14 REQUIREMENTS: HEALTH AND SAFETY POISONOUS, HAZARDOUS AND FLAMMABLE MATERIALS Policy No.: ELCD-2017-K4 Effective Date: Date Revised: Policy Cross References: Legislative References: CCR: s. 32 PURPOSE: To outline the requirements for storing poisonous, hazardous and flammable substances in a child care service. POLICY AND STANDARDS: 1. Where poisonous, hazardous or flammable substances are stored in the facility of a child care service, they must be stored: i. In their original containers; i In a place that is locked and inaccessible to the children while they are participating in the child care service; and According to the specifications of the manufacturer. 2. Provincial standards with respect to storage of poisonous, hazardous and flammable substances follow those of Service NL and provincial legislation with respect to Fire Protection Services. 3. Provincial standards with respect the storage of poisonous, hazardous and flammable substances in mechanical rooms, furnace rooms, storage rooms, janitorial closets and maintenance rooms follow those of Service NL and provincial legislation with respect to Fire Protection Services. Date issued: Page 14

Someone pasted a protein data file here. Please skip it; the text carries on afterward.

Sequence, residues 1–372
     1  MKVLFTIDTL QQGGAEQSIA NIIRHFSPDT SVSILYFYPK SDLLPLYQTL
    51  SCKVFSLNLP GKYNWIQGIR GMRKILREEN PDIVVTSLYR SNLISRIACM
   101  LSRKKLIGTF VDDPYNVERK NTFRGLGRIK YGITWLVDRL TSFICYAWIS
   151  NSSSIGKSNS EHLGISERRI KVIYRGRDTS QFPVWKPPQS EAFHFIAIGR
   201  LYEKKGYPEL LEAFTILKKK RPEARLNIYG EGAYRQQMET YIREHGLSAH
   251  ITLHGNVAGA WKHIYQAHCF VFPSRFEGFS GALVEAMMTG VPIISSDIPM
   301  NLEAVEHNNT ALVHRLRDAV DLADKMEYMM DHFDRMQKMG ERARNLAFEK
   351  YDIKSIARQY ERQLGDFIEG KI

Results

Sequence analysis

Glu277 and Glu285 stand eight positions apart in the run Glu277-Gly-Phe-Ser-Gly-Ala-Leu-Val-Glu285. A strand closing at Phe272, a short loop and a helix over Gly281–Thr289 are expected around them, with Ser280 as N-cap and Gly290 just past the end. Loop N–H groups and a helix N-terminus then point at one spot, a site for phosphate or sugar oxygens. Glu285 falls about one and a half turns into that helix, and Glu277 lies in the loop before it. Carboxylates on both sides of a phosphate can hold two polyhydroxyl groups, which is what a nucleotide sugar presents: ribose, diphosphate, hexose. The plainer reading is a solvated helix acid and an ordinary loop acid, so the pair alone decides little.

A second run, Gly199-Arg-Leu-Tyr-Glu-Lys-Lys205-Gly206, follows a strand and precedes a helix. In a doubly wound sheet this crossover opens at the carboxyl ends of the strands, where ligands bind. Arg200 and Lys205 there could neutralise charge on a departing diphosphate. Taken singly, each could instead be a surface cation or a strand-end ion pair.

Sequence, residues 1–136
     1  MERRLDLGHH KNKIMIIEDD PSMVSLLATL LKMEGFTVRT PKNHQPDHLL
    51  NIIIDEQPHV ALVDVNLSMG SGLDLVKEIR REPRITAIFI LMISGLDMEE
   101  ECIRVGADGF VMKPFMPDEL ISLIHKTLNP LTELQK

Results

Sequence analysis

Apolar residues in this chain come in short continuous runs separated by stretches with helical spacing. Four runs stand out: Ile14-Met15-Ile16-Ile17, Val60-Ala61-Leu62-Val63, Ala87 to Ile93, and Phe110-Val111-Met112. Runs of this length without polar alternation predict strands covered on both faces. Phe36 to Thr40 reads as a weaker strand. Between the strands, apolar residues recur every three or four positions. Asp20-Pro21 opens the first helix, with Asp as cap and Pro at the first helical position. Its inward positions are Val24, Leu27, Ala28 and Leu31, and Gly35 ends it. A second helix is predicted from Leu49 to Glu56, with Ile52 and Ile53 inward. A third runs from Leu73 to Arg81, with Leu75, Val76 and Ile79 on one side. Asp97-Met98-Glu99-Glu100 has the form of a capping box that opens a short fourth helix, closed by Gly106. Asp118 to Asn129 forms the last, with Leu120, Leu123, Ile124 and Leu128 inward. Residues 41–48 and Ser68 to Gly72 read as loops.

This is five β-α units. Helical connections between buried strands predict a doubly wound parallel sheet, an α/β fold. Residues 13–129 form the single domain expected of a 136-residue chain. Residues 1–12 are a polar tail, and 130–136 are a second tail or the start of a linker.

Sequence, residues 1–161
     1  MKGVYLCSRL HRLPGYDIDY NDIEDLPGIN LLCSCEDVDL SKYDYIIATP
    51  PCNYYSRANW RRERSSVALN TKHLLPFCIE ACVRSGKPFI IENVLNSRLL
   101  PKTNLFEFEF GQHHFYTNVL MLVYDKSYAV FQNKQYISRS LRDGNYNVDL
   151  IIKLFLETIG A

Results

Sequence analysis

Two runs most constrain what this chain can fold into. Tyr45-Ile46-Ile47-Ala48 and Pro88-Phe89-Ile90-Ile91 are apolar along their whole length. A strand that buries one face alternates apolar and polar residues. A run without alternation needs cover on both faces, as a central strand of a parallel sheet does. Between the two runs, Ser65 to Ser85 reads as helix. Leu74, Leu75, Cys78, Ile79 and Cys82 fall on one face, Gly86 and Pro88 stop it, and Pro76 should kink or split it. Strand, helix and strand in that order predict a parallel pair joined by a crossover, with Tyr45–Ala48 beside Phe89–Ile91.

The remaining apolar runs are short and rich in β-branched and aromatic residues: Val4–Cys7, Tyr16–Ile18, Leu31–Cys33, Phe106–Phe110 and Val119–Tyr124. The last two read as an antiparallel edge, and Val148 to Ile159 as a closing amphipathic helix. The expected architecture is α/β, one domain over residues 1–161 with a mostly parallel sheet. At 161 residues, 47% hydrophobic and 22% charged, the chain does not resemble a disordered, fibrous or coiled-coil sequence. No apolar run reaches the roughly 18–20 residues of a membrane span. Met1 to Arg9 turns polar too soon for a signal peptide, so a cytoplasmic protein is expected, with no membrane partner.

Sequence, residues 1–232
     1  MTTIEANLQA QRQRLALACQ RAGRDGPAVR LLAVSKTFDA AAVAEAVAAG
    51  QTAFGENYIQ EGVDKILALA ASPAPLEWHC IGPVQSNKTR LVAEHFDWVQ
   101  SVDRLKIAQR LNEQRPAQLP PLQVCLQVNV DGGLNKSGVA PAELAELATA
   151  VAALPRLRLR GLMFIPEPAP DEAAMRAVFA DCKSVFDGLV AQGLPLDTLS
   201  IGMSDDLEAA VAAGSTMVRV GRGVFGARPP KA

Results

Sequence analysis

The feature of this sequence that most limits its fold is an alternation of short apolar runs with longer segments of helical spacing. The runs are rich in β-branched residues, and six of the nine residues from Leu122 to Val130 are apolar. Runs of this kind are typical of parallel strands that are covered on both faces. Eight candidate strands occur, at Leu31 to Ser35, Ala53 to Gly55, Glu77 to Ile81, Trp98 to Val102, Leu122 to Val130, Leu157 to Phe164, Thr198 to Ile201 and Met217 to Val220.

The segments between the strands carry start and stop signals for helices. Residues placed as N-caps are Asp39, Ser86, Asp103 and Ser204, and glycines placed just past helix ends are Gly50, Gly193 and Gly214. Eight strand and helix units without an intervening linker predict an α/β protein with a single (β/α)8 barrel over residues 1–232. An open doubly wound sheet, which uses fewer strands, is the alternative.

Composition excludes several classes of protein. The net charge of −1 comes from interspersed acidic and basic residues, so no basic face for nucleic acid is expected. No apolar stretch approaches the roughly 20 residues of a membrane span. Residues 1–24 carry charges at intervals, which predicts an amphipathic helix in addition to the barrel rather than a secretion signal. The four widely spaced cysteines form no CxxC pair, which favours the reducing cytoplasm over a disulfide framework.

15 PROCEDURES: N/A REFERENCE DOCUMENTS: (applicable websites, guidelines, relevant forms, etc. Sections of the legislation can also be referenced here if needed). Service NL Date issued: Page 15

16 REQUIREMENTS: HEALTH AND SAFETY ILLNESS, ACCIDENTS, COMMUNICABLE DISEASES AND INCIDENTS Policy No.: ELCD-2017-K5 Effective Date: Date Revised: Policy Cross References: ELCD-2017-E4; ELCD-2017-I4; ELCD-2105-K7; ELCD-2017-K10 Legislative References: CCR: s. 21; s. 26; s. 33; s. 46; s. 56 PURPOSE: To outline the requirements of a child care service with respect to illnesses, communicable diseases, accidents and serious incidents. POLICY AND STANDARDS: 1. The program of a child care service must set out policies on health and safety. The policies must include but are not limited to: i. Emergency plans to address accidents and serious incidents and illnesses; i Documentation of immunization; Reporting of communicable diseases to the local health authority; Caring for an ill child in the child care service; v. Possible exclusion of an ill child from the child care service when required; vi. v vi Medication storage and administration; Food handling and preparation; Sanitation and hygiene procedures; and Date issued: Page 16